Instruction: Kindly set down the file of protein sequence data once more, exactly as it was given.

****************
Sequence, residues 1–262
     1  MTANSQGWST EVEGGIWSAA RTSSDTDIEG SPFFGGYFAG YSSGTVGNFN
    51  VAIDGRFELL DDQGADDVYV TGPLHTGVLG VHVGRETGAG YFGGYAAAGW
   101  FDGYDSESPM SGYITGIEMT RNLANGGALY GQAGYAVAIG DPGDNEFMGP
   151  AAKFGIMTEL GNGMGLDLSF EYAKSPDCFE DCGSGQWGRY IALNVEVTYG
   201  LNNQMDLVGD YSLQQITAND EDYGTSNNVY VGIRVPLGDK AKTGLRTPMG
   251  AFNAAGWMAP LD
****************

Sequence, residues 1–262
     1  MTANSQGWST EVEGGIWSAA RTSSDTDIEG SPFFGGYFAG YSSGTVGNFN
    51  VAIDGRFELL DDQGADDVYV TGPLHTGVLG VHVGRETGAG YFGGYAAAGW
   101  FDGYDSESPM SGYITGIEMT RNLANGGALY GQAGYAVAIG DPGDNEFMGP
   151  AAKFGIMTEL GNGMGLDLSF EYAKSPDCFE DCGSGQWGRY IALNVEVTYG
   201  LNNQMDLVGD YSLQQITAND EDYGTSNNVY VGIRVPLGDK AKTGLRTPMG
   251  AFNAAGWMAP LD